Rare presentation of metastatic adenocarcinoma of prostate as inguinal lymphadenopathy and its management

Ajay G. Nimbalkar, Sony B. Mehta, Vinal T. More


Prostate cancer is among the top ten cancers in India. Approximately half of patients with prostate cancer have metastasis on presentation, bones and regional lymph nodes being most common. A case of metastasised cancer of prostate presenting only with an inguinal mass without any other symptom is rare. A 72-year-old presented with a right inguinal mass for six months without any other complaints. Biopsy of the inguinal mass was done, and histopathology showed metastatic adenocarcinoma. His serum PSA (prostate specific antigen) was 117.325 ng/ml. PET CT (positron emission tomography-computed tomography) showed PSMA (prostate specific membrane antigen) expressing lesion in left lobe of prostate involving left seminal with metastatic pelvic, right inguinal, retroperitoneal and mediastinal adenopathy with increased tracer uptake in sclerotic skeletal lesions in right iliac bone, acetabulum and right femoral shaft. TRUS (trans rectal ultra-sonography) guided biopsy of prostate (12 CORE) was performed and showed conventional prostatic adenocarcinoma with maximum Gleason score 4+4=8, grade group IV. The patient's clinical stage was T3b N1 Mb. Patient is currently on abiraterone with degarelix with normal repeat serum PSA (0.067 ng/ml) on follow up at 5 months. Metastatic prostatic carcinoma usually presents with iliac nodes or bony metastasis, but rarely they present with inguinal lymphadenopathy and should be dealt with high clinical suspicion as they are already in advanced stage of the disease process.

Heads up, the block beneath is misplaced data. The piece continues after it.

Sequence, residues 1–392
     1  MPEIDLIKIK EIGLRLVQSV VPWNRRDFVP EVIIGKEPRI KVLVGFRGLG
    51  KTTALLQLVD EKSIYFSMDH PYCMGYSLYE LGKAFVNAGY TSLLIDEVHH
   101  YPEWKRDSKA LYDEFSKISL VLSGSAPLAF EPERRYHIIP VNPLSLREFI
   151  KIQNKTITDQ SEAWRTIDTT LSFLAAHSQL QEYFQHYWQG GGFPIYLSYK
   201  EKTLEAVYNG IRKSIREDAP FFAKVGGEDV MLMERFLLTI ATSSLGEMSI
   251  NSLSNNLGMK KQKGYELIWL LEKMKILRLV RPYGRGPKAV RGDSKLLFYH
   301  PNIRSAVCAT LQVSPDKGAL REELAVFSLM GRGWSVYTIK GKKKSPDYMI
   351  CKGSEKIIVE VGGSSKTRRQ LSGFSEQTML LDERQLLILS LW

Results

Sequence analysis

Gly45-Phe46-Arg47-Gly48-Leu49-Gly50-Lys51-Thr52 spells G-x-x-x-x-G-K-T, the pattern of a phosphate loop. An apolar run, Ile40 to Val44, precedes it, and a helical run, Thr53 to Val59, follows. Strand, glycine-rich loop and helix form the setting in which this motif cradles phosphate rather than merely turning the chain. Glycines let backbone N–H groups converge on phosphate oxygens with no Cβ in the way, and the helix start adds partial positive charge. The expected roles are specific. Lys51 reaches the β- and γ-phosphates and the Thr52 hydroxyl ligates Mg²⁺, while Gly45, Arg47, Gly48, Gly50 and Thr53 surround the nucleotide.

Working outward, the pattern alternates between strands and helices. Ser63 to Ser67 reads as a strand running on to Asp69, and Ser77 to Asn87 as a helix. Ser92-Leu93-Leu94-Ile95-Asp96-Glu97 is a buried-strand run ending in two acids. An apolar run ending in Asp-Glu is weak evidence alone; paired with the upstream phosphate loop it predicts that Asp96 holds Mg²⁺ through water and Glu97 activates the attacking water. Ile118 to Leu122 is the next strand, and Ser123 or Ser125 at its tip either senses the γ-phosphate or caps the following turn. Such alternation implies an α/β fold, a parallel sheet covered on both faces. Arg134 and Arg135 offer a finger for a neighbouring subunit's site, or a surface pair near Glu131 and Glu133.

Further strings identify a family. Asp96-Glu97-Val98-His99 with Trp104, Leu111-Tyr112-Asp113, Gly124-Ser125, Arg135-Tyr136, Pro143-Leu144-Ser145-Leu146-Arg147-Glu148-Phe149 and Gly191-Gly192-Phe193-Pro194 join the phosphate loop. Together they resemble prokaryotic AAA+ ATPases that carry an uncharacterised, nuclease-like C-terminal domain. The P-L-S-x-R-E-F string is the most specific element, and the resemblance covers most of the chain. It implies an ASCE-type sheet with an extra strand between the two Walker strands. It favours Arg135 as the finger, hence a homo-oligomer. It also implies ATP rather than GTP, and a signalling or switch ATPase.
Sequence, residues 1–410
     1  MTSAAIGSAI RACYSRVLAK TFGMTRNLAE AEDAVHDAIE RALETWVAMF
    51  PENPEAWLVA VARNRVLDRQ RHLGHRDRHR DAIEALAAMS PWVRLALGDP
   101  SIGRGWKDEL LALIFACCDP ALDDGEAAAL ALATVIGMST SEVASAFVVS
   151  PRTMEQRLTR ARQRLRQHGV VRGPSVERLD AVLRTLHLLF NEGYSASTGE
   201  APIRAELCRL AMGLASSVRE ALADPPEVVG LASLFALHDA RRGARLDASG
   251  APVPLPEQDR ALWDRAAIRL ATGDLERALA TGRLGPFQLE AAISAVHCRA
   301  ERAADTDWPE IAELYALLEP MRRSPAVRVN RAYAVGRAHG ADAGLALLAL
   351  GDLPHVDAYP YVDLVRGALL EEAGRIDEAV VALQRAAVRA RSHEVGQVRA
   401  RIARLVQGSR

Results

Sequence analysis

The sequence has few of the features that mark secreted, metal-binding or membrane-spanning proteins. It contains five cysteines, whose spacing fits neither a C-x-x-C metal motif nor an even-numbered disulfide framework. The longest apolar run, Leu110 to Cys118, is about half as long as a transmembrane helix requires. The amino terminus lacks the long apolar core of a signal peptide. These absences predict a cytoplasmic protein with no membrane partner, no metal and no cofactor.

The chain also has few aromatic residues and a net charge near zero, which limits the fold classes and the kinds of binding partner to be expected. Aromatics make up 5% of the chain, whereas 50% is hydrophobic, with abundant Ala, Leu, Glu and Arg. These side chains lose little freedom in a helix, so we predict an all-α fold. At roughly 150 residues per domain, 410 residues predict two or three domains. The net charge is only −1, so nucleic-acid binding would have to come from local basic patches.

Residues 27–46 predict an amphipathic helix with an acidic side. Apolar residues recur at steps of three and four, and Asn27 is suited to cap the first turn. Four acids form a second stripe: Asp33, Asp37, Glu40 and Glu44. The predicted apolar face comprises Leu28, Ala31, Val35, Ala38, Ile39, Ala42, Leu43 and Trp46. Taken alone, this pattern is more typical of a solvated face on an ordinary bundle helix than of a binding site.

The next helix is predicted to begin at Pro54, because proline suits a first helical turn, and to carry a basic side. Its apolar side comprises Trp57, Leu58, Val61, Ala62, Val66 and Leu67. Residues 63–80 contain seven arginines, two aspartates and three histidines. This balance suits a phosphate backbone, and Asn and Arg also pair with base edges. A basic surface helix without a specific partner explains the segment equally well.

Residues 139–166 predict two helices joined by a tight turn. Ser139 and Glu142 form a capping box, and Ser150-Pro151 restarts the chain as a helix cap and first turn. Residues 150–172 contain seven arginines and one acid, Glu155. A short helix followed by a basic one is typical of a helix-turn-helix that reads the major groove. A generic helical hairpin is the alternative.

Prostate, Inguinal, Cancer, Adenocarcinoma, Metastasis

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